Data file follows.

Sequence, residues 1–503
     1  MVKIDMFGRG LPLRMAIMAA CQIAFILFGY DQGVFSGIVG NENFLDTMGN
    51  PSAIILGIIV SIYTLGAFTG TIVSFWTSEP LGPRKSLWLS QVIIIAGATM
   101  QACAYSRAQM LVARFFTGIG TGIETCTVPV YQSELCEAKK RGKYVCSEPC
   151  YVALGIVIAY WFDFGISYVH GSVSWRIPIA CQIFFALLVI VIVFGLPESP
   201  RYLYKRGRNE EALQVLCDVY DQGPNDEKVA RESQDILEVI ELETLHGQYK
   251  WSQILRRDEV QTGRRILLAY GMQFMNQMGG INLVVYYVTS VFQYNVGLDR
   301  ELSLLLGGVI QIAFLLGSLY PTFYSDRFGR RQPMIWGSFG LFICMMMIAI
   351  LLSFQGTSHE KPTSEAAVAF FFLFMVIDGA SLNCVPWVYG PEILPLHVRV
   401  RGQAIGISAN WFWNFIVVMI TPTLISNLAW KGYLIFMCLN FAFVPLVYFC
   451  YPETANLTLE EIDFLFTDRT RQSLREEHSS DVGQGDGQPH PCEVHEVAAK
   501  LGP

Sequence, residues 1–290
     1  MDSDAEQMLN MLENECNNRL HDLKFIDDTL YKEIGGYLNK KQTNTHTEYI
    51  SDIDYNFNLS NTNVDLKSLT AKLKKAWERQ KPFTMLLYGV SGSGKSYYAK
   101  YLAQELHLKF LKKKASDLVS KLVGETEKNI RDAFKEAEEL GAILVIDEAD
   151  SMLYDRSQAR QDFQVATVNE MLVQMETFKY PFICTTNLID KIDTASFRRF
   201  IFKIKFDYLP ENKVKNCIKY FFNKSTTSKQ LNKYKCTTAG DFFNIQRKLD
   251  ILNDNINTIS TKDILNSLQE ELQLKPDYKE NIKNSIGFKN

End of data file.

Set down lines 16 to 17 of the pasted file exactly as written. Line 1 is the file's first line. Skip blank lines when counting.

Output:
   101  YLAQELHLKF LKKKASDLVS KLVGETEKNI RDAFKEAEEL GAILVIDEAD
   151  SMLYDRSQAR QDFQVATVNE MLVQMETFKY PFICTTNLID KIDTASFRRF